Croydon in talks with Government over financial bail out

View towards East Croydon. Pic: Geograph/Peter Trimming

Croydon council have issued a second Section 114 notice and have said it will continue to do so every 21 days until the budget is balanced, which can only be achieved through Government funding.

In this week’s extraordinary meeting, the council heard that as the 21 day period draws to a close it is still not able to balance its budgets and therefore another Section 114 notice, that declares the council effectively bankrupt, will be issued. Director of Finance Lisa Taylor told the council: “If the budget cannot be balanced in 21 days times… I will have no option but to issue another Section 114 notice… until we balance the budget.”

She said they are currently working with Ministry of Housing, Communities and Local Government) to secure a Capitalisation Direction and are “talking closely with the MHCLG to move the process through as quickly as we can.”

Council leader Hamida Ali said that they were expecting to hear from the Secretary of State Robert Jenrick soon about when they will receive such funding, but they “can’t place a timeline on it.”

Government funding will depend on Robert Jenrick’s decision. Pic: Wikimedia Commons

Securing a Capitalisation Direction from the Government would mean that the council would receive a lump sum of money that can used to bridge the deficit. The council will have to prove that it can manage the budget in the future in order to receive the loan.

Councillor Jason Cummings, finance spokesperson for Croydon Conservatives, criticised the administration, and said: “The issuing of Section 114 is thankfully very rare, but the issuing of multiple section 114 notices is essentially unprecedented.”

“The help, if it comes, will result in even more borrowing and interest payments that will negatively affect service provision for years to come.”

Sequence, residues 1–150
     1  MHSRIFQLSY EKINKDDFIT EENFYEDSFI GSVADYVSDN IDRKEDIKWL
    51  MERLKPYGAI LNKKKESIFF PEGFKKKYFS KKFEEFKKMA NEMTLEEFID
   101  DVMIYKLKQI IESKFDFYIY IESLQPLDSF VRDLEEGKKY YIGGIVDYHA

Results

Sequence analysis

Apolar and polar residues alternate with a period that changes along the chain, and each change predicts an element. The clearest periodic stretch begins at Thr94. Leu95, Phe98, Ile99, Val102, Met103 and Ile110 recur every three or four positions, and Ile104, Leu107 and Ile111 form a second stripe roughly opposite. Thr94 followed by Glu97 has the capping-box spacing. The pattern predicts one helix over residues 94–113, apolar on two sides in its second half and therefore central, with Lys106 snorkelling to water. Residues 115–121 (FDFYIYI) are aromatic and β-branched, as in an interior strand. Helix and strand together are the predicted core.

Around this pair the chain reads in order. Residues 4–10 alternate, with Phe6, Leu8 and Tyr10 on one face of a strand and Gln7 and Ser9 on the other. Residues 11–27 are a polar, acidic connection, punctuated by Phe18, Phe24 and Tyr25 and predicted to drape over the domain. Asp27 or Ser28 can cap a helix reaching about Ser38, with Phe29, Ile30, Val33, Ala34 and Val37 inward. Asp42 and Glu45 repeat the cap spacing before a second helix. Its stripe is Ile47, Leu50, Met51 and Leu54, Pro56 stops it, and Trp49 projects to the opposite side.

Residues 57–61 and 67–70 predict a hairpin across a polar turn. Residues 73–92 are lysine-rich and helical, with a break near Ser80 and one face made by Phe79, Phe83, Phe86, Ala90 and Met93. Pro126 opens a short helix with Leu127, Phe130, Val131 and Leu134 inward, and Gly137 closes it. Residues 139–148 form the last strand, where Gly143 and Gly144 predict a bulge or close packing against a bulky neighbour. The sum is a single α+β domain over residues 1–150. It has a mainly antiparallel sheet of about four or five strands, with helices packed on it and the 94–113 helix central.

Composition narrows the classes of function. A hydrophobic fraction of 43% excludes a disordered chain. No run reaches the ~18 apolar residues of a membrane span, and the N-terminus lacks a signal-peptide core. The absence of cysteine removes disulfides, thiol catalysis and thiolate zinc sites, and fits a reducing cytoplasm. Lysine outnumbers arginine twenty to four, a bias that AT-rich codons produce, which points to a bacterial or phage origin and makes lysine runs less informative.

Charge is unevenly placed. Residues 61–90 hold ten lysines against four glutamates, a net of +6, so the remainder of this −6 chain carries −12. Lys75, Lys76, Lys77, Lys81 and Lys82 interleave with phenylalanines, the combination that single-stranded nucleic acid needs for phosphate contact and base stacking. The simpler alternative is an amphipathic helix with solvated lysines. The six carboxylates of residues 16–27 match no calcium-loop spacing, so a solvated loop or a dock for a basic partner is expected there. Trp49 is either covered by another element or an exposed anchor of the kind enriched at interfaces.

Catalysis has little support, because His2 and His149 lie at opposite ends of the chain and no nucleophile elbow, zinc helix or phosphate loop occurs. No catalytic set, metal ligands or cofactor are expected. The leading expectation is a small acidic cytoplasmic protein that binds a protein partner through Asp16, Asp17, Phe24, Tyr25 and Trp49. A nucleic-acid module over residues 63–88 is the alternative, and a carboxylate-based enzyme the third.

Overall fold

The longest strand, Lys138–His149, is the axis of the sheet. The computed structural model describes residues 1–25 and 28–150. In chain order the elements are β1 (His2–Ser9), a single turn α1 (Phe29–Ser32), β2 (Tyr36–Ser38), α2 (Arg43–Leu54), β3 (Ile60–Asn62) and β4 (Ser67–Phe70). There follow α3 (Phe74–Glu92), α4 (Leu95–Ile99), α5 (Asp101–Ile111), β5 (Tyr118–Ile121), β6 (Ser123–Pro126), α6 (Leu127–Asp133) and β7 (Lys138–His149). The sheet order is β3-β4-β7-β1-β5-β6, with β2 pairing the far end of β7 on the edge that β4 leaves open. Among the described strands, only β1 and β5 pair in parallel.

Opposition Conservative councillors were united in demanding an apology from the Labour run council regarding their financial decision making. Councillor Helen Pollard called for the council to apologise to residents “who will be negatively affected by [their] financial incompetence now that [they have] squandered the councils funds on ill judged disastrous property speculation.” 

But leader Ali criticised council members for working against each other rather than collectively. She said the Tory councillors had “decided to step back rather than taking part”, and had criticised the Labour administration for both their spending and their attempts to save, saying that they “can’t hold both positions at the same time.”

She pointed out that the external auditors recommended the council recognise collective responsibilities and they need to work together to tackle the financial crises, and that the council will continue to “live within [their] means” and deliver services to those who need them most.

Read our recent coverage on Croydon’s financial crisis:
Hundreds protest as five Croydon libraries threatened with closure
Purley pool set to remain shut despite 4,000-strong petition
Croydon postpones decision on Brick by Brick as top executives are replaced
Jobs, social care, libraries and parks face cuts as Croydon goes for ‘bare minimum’
Tories attack shelving of key flood protection projects
Tories accuse Croydon leadership of ‘recklessness’ with public money

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